When it came to life milestones, Jessica Booth didn’t do things the “traditional” way. One year before getting engaged, Booth purchased a house on Long Island with her boyfriend.
“When we bought the house, we really wanted to move in together, but my husband did not want to get an apartment because he didn’t want to pay rent toward something he didn’t own,” Booth told Business Insider. “He was set on getting a house, and it was something I wanted to do with him as well.”
She added: “We definitely got a lot of comments about how it was potentially a bad decision, but we knew it was right for us.”
Booth was one of three of the millennials we spoke to for an article about 20-something homeowners who bought a home with their partner before tying the knot — and they’re not the only millennials to prioritize a mortgage before marriage.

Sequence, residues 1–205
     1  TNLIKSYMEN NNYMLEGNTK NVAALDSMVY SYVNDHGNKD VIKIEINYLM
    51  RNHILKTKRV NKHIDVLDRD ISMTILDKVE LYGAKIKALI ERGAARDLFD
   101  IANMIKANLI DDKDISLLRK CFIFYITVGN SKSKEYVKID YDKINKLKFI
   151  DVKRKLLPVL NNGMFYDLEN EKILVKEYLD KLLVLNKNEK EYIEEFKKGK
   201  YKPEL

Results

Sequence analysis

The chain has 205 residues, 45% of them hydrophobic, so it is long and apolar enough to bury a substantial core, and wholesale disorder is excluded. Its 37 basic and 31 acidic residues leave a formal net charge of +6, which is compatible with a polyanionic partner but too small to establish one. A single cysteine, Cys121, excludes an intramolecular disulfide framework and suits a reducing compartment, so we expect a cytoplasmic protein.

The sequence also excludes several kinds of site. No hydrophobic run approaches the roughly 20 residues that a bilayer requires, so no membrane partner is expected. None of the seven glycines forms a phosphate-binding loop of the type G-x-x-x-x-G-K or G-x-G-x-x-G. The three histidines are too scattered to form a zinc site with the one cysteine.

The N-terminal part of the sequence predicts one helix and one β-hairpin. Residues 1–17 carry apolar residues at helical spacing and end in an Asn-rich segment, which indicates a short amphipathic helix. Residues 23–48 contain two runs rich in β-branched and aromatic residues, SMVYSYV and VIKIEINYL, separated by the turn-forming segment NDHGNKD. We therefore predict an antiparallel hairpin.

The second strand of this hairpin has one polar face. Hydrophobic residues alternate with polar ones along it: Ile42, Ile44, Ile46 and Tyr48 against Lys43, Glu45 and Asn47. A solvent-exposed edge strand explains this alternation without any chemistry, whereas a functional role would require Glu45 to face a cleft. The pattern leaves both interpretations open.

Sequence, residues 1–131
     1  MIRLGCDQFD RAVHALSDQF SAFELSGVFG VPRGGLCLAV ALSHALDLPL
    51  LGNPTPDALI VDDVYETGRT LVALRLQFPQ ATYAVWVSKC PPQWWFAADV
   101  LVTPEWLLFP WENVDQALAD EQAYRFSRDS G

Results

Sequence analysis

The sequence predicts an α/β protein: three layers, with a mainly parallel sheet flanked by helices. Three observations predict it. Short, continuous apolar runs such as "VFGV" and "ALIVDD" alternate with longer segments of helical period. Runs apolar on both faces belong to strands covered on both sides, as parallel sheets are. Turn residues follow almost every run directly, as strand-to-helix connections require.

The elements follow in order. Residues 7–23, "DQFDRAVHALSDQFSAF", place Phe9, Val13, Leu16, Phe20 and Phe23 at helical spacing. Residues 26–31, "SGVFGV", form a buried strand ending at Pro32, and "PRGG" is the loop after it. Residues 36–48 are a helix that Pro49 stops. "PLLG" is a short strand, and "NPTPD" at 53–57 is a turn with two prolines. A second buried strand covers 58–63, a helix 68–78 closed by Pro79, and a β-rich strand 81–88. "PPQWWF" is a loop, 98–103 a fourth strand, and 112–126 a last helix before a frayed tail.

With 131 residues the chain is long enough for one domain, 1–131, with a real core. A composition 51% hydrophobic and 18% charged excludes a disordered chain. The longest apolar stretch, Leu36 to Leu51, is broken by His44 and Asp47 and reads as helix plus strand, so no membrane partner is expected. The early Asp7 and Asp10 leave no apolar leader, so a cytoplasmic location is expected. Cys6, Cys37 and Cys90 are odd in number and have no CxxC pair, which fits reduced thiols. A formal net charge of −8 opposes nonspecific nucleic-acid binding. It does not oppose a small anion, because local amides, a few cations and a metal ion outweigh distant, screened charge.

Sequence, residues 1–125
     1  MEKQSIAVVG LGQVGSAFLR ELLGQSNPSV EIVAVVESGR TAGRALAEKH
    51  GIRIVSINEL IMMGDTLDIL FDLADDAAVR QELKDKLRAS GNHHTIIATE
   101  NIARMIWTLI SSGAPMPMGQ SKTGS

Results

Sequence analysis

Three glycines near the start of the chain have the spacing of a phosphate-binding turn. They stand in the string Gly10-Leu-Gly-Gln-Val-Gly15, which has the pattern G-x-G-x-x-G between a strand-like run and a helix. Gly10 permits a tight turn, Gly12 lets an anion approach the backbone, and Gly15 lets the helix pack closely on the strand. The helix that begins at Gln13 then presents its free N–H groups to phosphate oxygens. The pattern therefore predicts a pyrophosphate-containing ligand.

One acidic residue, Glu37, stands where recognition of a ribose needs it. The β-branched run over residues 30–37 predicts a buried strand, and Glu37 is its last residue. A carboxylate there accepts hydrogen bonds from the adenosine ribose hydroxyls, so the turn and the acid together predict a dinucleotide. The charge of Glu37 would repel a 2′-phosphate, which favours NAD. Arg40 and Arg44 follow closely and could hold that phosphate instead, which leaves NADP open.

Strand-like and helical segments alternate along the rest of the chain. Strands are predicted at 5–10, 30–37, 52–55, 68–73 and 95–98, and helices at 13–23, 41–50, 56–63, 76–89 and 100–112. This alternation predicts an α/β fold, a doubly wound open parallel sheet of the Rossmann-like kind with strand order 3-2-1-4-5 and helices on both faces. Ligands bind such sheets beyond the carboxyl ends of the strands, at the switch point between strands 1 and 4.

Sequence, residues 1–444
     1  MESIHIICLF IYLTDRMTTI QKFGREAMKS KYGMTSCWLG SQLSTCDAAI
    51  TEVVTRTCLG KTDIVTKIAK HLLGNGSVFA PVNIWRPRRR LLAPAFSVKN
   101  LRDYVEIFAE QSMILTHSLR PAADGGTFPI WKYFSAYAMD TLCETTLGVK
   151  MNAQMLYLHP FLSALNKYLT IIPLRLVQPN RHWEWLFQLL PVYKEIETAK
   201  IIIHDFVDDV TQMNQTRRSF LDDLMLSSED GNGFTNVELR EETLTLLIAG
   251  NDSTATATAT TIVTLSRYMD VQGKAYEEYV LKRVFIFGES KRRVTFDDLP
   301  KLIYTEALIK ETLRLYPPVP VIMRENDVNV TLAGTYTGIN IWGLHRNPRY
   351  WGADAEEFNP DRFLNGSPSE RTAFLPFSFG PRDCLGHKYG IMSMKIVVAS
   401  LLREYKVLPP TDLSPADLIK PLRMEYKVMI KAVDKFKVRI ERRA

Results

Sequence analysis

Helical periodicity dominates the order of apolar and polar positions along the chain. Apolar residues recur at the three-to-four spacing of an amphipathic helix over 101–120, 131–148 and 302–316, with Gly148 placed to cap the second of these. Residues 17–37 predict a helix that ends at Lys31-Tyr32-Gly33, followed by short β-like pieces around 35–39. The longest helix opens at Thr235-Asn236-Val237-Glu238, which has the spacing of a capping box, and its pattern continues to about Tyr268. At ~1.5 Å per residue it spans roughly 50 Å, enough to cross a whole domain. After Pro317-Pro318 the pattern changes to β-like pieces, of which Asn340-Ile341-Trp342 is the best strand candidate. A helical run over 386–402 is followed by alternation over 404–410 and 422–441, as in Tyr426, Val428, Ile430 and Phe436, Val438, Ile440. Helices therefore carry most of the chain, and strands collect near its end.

Unmarried millennial couples buying a home together has become more prevalent, Daniel Gershburg, partner at real-estate law firm Romer Debbas LLP, told Business Insider. According to a Coldwell Banker Marriage and Homebuying Study, a quarter of American millennials purchased their home with their current spouse before getting hitched.
With previous generations typically putting the ring before the house, this millennial behavior may seem backward. But when you look at how generational norms are changing, it appears to be a response to a change in attitude about marriage and higher costs of living.
Millennials view cohabitation and marriage differently than other generations
More millennials are cohabitating before marriage — a sixfold increase from their parents’ generation, reported INSIDER’s Kim Renfro, citing data analyzed by sociologist Wendy Manning at the National Center for Family and Marriage Research. And millennials are also waiting longer to get married, she reported.